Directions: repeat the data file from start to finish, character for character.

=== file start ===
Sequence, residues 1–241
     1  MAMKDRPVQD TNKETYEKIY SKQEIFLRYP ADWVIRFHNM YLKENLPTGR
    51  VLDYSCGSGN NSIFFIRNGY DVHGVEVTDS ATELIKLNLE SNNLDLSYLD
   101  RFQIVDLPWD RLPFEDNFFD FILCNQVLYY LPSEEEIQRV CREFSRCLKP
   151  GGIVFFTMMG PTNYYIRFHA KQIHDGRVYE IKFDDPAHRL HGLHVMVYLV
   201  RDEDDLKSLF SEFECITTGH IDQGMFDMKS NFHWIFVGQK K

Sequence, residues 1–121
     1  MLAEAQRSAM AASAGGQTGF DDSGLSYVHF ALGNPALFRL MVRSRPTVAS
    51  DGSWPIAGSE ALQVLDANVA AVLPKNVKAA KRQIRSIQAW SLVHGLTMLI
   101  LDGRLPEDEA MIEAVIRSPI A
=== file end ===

Sequence, residues 1–241
     1  MAMKDRPVQD TNKETYEKIY SKQEIFLRYP ADWVIRFHNM YLKENLPTGR
    51  VLDYSCGSGN NSIFFIRNGY DVHGVEVTDS ATELIKLNLE SNNLDLSYLD
   101  RFQIVDLPWD RLPFEDNFFD FILCNQVLYY LPSEEEIQRV CREFSRCLKP
   151  GGIVFFTMMG PTNYYIRFHA KQIHDGRVYE IKFDDPAHRL HGLHVMVYLV
   201  RDEDDLKSLF SEFECITTGH IDQGMFDMKS NFHWIFVGQK K

Sequence, residues 1–121
     1  MLAEAQRSAM AASAGGQTGF DDSGLSYVHF ALGNPALFRL MVRSRPTVAS
    51  DGSWPIAGSE ALQVLDANVA AVLPKNVKAA KRQIRSIQAW SLVHGLTMLI
   101  LDGRLPEDEA MIEAVIRSPI A